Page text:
Coastal habitats are diverse and vary in the extent to which they are shaped by physiographic processes, such as wave action, wind, tides and sediment availability, and the relative influence of terrestrial and marine environments, e.g. tidal inundation versus groundwater levels. Coastal systems usually comprise mosaics of habitats that are functionally interdependent: for instance, saltmarsh may form behind a barrier island or shingle ridge that itself may also support a dune system; or estuaries may include a range of habitats that ultimately depend on sediment supply from the catchment and the mixing of fresh and saline waters. Coastal grazing marsh is a man-made, largely freshwater habitat, occurring landward of intertidal and coastal habitats and protected from them by natural or man-made structures. Whilst grazing marsh and other coastal habitats are not strictly functionally interdependent, there are significant conflicts between protecting grazing marsh and allowing landward movement of coastal habitats.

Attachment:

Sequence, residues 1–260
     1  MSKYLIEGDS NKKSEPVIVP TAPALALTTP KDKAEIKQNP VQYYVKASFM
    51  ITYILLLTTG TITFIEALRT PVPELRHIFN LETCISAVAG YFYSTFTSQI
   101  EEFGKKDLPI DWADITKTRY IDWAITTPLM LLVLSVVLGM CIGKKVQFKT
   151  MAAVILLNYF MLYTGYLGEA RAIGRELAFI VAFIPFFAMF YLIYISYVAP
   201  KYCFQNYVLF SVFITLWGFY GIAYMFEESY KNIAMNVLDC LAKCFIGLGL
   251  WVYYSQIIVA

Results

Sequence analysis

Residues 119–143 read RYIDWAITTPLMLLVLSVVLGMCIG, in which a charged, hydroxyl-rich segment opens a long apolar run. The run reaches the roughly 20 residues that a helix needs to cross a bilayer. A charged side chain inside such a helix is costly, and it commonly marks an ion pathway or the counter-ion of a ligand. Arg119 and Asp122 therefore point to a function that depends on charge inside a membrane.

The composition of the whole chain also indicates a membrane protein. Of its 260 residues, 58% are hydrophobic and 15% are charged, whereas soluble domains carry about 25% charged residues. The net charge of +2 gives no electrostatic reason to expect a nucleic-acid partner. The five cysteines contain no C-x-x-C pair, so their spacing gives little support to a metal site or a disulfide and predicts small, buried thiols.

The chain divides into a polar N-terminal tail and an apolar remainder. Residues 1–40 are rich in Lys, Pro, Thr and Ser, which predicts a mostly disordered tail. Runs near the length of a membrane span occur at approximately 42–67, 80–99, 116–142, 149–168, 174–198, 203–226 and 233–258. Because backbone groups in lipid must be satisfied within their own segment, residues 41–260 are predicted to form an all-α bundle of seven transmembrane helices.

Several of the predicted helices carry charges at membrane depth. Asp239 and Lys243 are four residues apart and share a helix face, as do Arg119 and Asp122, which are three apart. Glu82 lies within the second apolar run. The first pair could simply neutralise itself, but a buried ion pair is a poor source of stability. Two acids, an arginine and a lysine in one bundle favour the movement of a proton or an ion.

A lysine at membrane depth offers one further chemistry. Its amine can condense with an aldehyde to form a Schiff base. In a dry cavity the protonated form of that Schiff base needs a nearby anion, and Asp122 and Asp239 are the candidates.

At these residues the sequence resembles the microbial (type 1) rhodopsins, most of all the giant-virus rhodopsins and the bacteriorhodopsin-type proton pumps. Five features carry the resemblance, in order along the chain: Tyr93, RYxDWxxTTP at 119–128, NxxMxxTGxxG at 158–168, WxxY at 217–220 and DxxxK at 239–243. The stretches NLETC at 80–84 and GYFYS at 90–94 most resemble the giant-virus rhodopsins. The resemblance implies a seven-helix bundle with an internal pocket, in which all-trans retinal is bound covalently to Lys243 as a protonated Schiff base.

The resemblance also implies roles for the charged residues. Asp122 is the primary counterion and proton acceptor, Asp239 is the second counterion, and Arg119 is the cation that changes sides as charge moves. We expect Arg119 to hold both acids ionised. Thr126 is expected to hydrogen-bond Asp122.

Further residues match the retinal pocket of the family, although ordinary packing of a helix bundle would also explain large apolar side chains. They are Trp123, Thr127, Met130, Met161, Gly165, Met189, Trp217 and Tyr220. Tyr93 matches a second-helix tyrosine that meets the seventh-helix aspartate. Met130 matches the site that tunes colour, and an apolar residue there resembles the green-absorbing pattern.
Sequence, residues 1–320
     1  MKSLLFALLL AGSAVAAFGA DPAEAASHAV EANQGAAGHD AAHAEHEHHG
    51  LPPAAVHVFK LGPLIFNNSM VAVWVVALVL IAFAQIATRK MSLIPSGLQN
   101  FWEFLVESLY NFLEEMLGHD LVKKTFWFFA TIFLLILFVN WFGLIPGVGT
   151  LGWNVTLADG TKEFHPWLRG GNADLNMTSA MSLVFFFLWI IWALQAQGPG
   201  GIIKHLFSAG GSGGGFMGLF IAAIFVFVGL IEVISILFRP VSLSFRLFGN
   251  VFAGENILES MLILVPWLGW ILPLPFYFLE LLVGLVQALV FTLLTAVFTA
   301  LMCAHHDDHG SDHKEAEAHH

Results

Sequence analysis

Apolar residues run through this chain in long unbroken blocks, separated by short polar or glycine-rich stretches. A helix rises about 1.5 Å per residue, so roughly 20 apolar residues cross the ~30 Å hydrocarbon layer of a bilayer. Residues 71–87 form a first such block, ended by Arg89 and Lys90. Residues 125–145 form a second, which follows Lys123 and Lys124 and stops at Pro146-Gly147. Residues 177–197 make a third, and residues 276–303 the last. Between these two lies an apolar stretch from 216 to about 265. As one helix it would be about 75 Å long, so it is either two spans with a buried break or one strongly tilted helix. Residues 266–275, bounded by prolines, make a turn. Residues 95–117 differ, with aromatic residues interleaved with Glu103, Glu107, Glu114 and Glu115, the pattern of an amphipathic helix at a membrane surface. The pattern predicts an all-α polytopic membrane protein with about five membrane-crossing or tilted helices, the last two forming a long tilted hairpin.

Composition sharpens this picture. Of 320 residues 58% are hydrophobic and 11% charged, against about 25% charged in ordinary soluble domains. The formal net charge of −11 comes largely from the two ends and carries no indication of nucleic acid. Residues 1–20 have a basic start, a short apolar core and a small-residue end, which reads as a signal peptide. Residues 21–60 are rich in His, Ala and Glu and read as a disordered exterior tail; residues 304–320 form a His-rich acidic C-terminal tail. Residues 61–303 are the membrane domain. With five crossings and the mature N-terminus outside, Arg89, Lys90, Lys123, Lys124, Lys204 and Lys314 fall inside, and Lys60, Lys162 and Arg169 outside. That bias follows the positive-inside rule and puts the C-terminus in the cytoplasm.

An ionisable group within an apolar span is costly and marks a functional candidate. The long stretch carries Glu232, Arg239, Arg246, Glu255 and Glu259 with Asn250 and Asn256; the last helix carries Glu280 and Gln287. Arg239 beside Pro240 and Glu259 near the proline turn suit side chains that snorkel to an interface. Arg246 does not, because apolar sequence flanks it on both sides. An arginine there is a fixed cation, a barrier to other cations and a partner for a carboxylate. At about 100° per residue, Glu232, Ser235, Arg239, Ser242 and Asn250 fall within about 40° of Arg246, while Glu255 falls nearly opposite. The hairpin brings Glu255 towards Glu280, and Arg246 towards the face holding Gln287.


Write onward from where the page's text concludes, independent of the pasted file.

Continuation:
|Place of Publication||Norwich|
|Publisher||University of East Anglia|
|Number of pages||23|
|Publication status||Published - 2013|